Whenever I watch Marilyn Monroe movies, I’m struck by how childish her voice sounds. There’s such a contrast to how adult women speak today. These movies remind me of the huge leap we’ve made in gender expectations and norms over the past decades. I often wonder what people 70 years from now will say when they look at men and women in the early 2000s.
Things will certainly be different then. We can see how each new generation of university students is a little different from the previous one. This is an idea I heard from LSE’s Director, Minouche Shafik, in an interview she gave when she was Deputy Managing Director at the IMF. I agree.
People my age grew up in an era when, despite many advances in women’s rights, men still expected to spend less time with their own children than their wives. I run into many younger men today who expect to work hard, but not all the time, and they expect their partners to do the same. They want to have a multidimensional life, and expect to share in the housework and child-rearing obligations.
Men can have a big impact in gender expectations and norms. Once they understand the value of equality, they can have significant influence on friends, family and employers. “As the dominant group, they are in a prime position to influence cultural and organisational change”, writes Allyson Zimmermann.
The importance of this new mind-set cannot be overstated. As Shani Orgad has shown, the amount of time husbands spend with their families has a tremendous impact on the ability of women who are mothers to participate in the labour force. This was made evident also in the LSE Commission on Gender, Inequality and Power report, which found that “the unequal distribution of responsibility for the care of children and of the elderly creates dilemmas of work-life balance which are detrimental to women’s quality of life, and to women’s life chances, across social spheres”.
As we celebrate International Women’s Day around the world, this generational change of guard that brings more men and women closer in their work-life expectations gives me optimism, and reinforces my belief that child-rearing is central for equality to happen. There’s no escaping the biological fact that women bear children. But beyond breastfeeding, who cares for the offspring is not written in our chromosomes.
I’m not under any illusion that a more balanced distribution of child-rearing duties by couples will by itself bring about gender equality. Reproduction is something that we do as a species. Society, including government and businesses, needs to step up and do its part to ensure that workers of all genders are able to raise a family. Shared child-rearing obligations are part of a much needed new workplace mentality that will make it harder to justify some of the big gender discrepancies we still find today. Case in point: why exactly did the BBC’s former China editor Carrie Gracie earn less than her male peers?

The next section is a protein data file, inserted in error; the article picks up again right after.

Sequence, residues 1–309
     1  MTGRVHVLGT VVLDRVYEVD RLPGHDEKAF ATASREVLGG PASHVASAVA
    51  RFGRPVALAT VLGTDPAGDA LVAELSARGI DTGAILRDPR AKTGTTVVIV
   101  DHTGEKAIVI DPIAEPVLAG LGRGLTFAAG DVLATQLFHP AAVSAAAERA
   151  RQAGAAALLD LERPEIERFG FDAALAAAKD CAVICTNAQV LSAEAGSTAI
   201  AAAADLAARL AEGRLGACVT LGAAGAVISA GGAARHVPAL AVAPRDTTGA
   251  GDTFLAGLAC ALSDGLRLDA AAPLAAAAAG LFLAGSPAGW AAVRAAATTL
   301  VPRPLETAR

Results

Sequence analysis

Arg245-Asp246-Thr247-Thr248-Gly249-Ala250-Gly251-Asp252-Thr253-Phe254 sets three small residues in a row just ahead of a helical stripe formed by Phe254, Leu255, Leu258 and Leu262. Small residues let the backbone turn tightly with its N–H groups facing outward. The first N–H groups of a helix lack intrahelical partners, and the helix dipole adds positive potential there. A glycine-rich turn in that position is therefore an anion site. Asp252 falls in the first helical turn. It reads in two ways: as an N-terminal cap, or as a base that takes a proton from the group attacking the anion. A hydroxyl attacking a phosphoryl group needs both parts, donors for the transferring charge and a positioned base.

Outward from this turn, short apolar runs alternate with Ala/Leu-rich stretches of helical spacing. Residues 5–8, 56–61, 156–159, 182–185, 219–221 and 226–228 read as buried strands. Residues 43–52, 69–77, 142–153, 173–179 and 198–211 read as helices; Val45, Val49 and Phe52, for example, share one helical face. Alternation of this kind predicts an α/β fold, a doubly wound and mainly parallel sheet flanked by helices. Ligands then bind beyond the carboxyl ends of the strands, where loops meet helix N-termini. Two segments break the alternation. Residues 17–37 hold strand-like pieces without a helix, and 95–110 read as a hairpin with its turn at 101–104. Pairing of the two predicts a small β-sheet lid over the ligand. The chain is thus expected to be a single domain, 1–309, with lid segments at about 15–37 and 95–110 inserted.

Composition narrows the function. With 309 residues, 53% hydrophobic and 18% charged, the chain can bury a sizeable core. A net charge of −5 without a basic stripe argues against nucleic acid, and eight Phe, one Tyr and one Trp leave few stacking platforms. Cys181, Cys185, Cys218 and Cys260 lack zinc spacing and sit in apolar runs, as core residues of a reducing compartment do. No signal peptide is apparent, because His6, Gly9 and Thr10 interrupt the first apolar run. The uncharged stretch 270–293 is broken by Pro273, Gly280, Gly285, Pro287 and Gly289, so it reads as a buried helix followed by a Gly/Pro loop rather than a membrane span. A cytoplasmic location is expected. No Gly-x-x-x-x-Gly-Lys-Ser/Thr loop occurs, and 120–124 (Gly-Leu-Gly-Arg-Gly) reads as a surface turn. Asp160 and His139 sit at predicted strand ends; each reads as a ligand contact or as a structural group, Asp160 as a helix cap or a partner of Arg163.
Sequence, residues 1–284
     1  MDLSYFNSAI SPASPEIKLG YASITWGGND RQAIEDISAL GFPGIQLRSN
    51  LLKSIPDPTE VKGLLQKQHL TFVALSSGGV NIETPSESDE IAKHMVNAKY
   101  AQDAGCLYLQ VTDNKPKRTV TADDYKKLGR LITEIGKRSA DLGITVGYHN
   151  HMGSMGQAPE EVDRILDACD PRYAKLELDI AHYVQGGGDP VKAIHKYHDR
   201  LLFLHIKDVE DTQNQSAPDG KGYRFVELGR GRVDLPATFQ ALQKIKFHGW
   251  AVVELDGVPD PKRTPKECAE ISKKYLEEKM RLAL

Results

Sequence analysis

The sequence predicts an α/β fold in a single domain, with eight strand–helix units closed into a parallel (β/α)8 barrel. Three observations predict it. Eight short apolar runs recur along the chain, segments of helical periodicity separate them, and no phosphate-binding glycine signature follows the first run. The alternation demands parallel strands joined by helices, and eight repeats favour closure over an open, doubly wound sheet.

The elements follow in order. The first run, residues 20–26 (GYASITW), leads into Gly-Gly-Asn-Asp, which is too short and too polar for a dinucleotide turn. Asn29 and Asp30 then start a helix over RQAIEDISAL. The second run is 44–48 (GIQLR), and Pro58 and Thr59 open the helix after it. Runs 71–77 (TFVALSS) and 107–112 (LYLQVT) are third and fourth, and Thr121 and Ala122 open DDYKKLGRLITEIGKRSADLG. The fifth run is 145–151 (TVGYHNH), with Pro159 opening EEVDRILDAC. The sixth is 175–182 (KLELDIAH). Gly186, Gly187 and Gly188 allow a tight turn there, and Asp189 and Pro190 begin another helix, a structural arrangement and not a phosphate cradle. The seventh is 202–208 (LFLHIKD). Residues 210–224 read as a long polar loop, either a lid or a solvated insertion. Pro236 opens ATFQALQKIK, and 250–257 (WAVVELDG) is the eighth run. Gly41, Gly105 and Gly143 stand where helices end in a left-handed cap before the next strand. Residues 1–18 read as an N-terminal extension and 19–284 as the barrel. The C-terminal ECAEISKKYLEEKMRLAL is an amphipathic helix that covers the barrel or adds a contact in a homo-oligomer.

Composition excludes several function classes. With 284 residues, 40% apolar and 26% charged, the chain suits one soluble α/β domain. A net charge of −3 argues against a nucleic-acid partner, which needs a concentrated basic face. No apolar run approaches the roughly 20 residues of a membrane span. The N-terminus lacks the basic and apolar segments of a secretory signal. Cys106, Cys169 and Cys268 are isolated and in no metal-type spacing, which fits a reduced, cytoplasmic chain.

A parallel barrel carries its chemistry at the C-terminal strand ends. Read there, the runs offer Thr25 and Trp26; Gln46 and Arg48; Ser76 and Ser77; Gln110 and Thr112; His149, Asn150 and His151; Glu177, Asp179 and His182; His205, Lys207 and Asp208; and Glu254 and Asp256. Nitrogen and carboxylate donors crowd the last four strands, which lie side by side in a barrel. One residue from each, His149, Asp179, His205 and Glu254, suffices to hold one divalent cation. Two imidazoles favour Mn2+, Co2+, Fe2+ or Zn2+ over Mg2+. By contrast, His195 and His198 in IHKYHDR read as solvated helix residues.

The recent spotlight on sexual harassment is a sobering reminder of how much we still need to change in the workplace. Unchecked power can be exercised to humiliate and hurt women across all income brackets, industries and countries, as Sarah Ashwin and Naila Kabeer make evident in their report. While sobering, this moment also highlights a turning point, in which women’s accounts of violence and humiliation are no longer dismissed, ridiculed or punished. 2017 may enter the history books as the year when sexual harassment became not ok, not normal, not guaranteed to be hidden from sight.
Regardless of the generational change of guard, we must keep working to eliminate the persistent discrepancies that segregate men and women in different levels of empowerment and opportunity. I don’t mind being called a dreamer. I don’t know any way to start building a different future, other than visualising what could be different. In my idea of the future, our grandchildren will be looking back in horror at a time when only 27 of the firms included in the Fortune 500 were led by female CEOs.
- The post gives the views of its author, not the position of LSE Business Review or the London School of Economics.
- Featured image credit: Sunset, by Josh Willink, under a CC0 licence
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Helena Vieira is the managing editor of LSE Business Review. She has lived and worked in four continents as a journalist. Her experience includes the roles of reporter and editor for international media organisations such as Bloomberg, The Wall Street Journal, and Brazil’s Globo group. She holds an M.A. in International Development from American University in Washington, D.C. and an M.Sc. in Strategic Communications from Columbia University in New York. She tweets at @helenavieira1.